“Cosmetics advertising”. I’ll just group that phrase with “Sex”, “Youth” and “Exclusionary.” As a make-up junkie, I can attest to the fact that, walking down a make-up aisle at any drugstore or department store, the amount of sheer advertising that occurs is overwhelming. At every turn, on the front of every precariously balanced display of lipstick or fragrance, is a picture of an overly made-up, ridiculously youthful, and obviously outrageously happy woman. She beams down from billboards, smiles from behind the lip gloss, and peeks flirtatiously from over her shoulder, luring you in with her overly- long eyelashes (probably fake). Her body, particularly her face, is dissected and displayed in various places throughout the makeup aisle. Here, her lips are the prominent focus, luscious and dramatically colored, shiny and juicy like an overly ripe piece of fruit. Above purple and pink tubes of mascara, her eyes watch you, piercing you with their photo-shopped clarity and whiteness, yet drawing you in with the clouds of eye shadow that swirl beneath her perfectly arched eyebrows. Her cheeks are tinged in an oh-so-virginal blush or a bolder post-orgasm flush. Acne is a foreign concept and dark-circles belong here as much as a rocket ship would in a pony race. This woman looks nothing like me and everything like “sex on a stick”.
This woman is what cosmetics industries promise me I can become. In fact, she is what I SHOULD become. If I take care of myself, and buy into, not only their products, but the message they perpetuate, I can become beautiful too. What they don’t want me to catch on to, what they go through huge, expensive gymnastics to hide from me, is that this woman doesn’t exist. She is the end-result of the perfect storm of photo-shop, set designers, lighting technicians and stylists. And just like a perfect storm, it takes a serious amount of time for conditions to come together to enable her existence.
“Wait a minute,” I hear you say. “What about spokespersons like Drew Barrymore for Covergirl or Beyonce for L’Oreal?” In light of this I would say, it’s not that the women themselves are at fault , it’s that their appearances and messages are co-opted and changed to reflect, again, this ideology of beauty that companies have built. Just this summer there was a huge fallout over L’Oreal allegedly lightening Beyonce’s skin in an ad for hair dye.
(link here, decide for yourself: http://www.tmz.com/2008/08/06/loreal-beyonce-whitewash/)
Ads like the one below just reveal again the overt sexualization of makeup and in this case, Barrymore. Better get your slinky black dress ready and perfect those pouts, oh and don’t have acne, or bad hair, or any “extra” weight on you either. Then you can be beautiful too!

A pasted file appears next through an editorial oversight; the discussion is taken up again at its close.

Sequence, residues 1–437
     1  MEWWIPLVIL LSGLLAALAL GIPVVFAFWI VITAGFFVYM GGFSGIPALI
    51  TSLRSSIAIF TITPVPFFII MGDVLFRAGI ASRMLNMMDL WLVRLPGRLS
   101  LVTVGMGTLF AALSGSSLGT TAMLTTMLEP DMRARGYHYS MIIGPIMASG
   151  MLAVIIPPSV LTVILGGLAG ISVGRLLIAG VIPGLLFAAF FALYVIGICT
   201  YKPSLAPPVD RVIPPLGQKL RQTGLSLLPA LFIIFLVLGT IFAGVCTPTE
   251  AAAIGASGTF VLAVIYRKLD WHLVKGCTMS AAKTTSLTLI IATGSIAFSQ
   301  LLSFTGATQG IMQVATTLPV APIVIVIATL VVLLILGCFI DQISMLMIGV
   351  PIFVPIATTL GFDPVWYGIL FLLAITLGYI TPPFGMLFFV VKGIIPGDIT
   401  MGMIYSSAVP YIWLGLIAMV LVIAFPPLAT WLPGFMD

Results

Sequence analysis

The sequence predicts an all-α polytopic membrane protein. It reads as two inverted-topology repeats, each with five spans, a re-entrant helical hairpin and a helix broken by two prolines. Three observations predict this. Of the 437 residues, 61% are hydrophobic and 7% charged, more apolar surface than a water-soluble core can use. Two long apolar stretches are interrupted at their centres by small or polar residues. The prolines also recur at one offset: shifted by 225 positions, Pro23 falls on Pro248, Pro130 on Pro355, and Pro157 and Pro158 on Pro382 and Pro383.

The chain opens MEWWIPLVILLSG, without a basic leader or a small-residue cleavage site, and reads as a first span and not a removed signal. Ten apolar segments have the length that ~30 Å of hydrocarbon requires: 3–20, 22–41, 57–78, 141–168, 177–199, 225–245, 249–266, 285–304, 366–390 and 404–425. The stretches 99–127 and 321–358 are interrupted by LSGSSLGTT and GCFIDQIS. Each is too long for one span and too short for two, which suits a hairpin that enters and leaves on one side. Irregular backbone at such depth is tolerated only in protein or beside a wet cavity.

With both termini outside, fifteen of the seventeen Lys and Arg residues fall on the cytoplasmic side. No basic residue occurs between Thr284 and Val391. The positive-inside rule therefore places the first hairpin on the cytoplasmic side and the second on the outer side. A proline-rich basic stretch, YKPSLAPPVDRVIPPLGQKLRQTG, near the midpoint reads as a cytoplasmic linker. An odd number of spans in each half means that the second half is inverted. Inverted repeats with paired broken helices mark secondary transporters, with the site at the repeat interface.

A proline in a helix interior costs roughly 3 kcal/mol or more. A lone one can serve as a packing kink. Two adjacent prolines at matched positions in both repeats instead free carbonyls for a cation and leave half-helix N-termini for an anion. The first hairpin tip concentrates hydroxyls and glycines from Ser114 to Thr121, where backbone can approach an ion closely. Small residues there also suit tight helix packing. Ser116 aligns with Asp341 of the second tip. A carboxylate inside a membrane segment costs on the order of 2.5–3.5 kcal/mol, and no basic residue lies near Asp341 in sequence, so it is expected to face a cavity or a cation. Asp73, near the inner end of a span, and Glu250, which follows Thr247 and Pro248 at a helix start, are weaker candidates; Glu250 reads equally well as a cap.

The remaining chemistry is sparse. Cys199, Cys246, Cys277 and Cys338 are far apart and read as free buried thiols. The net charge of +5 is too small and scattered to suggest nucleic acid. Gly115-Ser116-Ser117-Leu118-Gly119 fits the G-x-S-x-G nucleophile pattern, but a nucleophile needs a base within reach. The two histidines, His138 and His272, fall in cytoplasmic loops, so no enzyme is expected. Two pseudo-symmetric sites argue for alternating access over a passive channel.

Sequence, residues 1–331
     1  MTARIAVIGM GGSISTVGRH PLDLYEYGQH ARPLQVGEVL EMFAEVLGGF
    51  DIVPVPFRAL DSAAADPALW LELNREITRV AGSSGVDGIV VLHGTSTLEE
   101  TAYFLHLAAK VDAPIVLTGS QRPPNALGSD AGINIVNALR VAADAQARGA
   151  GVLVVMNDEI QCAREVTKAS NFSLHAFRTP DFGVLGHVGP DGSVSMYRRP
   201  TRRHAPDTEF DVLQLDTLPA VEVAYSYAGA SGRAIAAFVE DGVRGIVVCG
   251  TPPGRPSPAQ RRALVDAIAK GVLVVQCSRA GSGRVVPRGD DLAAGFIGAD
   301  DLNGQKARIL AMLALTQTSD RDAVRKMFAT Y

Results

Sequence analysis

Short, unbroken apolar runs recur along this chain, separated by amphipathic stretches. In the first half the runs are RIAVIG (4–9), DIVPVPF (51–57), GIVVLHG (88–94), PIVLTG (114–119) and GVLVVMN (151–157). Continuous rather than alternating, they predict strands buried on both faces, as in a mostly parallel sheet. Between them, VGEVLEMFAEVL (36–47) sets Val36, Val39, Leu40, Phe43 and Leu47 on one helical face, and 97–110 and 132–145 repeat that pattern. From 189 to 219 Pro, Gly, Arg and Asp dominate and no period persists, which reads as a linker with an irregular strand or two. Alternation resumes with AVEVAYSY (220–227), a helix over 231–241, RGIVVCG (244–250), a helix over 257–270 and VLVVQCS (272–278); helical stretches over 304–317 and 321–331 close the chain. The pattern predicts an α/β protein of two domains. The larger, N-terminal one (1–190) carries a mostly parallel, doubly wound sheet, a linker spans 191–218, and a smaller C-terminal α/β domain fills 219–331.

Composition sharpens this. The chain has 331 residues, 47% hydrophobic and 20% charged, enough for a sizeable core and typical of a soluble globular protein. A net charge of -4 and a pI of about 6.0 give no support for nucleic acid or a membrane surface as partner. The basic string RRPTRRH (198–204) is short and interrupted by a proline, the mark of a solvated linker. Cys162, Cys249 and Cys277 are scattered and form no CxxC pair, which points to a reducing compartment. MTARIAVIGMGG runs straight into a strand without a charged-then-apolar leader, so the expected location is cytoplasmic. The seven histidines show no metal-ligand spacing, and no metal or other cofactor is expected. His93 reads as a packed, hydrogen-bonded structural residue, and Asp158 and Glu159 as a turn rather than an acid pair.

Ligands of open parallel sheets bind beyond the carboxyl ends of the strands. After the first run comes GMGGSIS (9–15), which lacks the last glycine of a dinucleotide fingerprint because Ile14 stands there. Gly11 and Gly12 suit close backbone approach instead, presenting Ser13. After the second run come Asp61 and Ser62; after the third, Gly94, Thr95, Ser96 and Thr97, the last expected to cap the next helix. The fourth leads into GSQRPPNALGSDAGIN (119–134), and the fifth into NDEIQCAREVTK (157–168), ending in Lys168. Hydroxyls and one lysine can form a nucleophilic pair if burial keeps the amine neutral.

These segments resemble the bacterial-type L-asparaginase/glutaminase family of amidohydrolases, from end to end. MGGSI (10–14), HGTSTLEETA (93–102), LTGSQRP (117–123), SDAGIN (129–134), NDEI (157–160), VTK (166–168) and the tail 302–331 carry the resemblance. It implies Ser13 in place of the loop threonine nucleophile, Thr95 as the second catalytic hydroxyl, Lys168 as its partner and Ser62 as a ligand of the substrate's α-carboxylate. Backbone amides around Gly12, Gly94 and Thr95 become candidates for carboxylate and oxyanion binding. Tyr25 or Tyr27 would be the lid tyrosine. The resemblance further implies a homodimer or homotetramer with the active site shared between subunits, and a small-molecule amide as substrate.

Now read this sentence carefully. This is not a post about the terrible harms of makeup and how using makeup turns you into a supporter of patriarchy and oppression. No. There is nothing inherently wrong with colored pigments that you may spread in a rainbow of colors over your face however you please. What IS wrong is that the companies that sell you these products are actually selling you something much more than makeup. They’re selling you ideologies about what beauty is and what it looks like and who should be allowed to DEFINE it. This is a big deal, trust me. Because when someone else gets to define beautiful, odds are, you and many others, will never be it. Odds are also increased that those groups, individuals, etc that don’t fit into mainstream society, are all going to be carefully crafted out of these definitions of beauty.
Let’s also just pause and consider that this is also ALL aimed at women, advertised with women spokespersons, and yet there are men who enjoy makeup and beauty products as well. The complete silence from the major makeup industry on this subject is simply disappointing and exclusionary. It reinforces “Men are from Mars and women are from Venus!”. Gender norms? I think yes.
Slogans like “Maybe she’s born with it” (Maybelline) or “Enhancing Women’s Lives” (Mary Kay), imply that 1. She probably isn’t born with it so she needs help from Maybelline to look beautiful and 2. Her life isn’t that great without some serious help from Mary Kay. Ridiculous.
The anti-aging campaign that occurs is likewise ridiculous. Since when is aging so bad? Why is it something that women have to hide? I thought that aging was, like, a natural process? Again, another walk down a makeup aisle or look online will reveal the enormous amount of effort that goes into spreading the message that aging is a terrible thing that must be hidden in order to be beautiful, at any cost. An even darker message is that there must be something terribly flawed with being older than twenty and not trying to hide it.
If you can stomach it, watch this video from L’Oreal by their anti-aging spokesperson Andie MacDowell.
Keep in mind that she can feel and say all these wonderful things about aging because the first thing that happens when she wakes up in the morning is she looks in the mirror and sees that her skin still looks young. No joke, she claims that “Having beautiful skin makes me feel that I’m worth it.” Well geeze, why have I been looking for inner self-fulfillment all this time? I feel so silly.
Normativity is waving hello from the makeup aisle, why don’t you just wave back?